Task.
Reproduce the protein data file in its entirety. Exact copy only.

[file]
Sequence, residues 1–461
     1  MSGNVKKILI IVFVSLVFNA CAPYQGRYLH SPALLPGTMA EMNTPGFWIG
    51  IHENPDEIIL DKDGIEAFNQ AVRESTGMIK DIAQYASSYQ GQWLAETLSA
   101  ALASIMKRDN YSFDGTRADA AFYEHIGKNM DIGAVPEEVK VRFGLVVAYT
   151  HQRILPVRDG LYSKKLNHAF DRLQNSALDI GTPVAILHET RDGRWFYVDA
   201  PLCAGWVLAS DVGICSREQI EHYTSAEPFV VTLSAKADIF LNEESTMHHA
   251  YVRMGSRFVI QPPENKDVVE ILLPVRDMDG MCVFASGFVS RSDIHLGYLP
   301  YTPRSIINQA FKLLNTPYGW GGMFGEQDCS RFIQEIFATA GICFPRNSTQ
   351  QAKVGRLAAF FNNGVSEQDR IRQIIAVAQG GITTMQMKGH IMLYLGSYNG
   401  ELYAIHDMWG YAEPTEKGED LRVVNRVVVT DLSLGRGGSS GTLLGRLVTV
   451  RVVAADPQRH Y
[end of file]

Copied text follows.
Sequence, residues 1–461
     1  MSGNVKKILI IVFVSLVFNA CAPYQGRYLH SPALLPGTMA EMNTPGFWIG
    51  IHENPDEIIL DKDGIEAFNQ AVRESTGMIK DIAQYASSYQ GQWLAETLSA
   101  ALASIMKRDN YSFDGTRADA AFYEHIGKNM DIGAVPEEVK VRFGLVVAYT
   151  HQRILPVRDG LYSKKLNHAF DRLQNSALDI GTPVAILHET RDGRWFYVDA
   201  PLCAGWVLAS DVGICSREQI EHYTSAEPFV VTLSAKADIF LNEESTMHHA
   251  YVRMGSRFVI QPPENKDVVE ILLPVRDMDG MCVFASGFVS RSDIHLGYLP
   301  YTPRSIINQA FKLLNTPYGW GGMFGEQDCS RFIQEIFATA GICFPRNSTQ
   351  QAKVGRLAAF FNNGVSEQDR IRQIIAVAQG GITTMQMKGH IMLYLGSYNG
   401  ELYAIHDMWG YAEPTEKGED LRVVNRVVVT DLSLGRGGSS GTLLGRLVTV
   451  RVVAADPQRH Y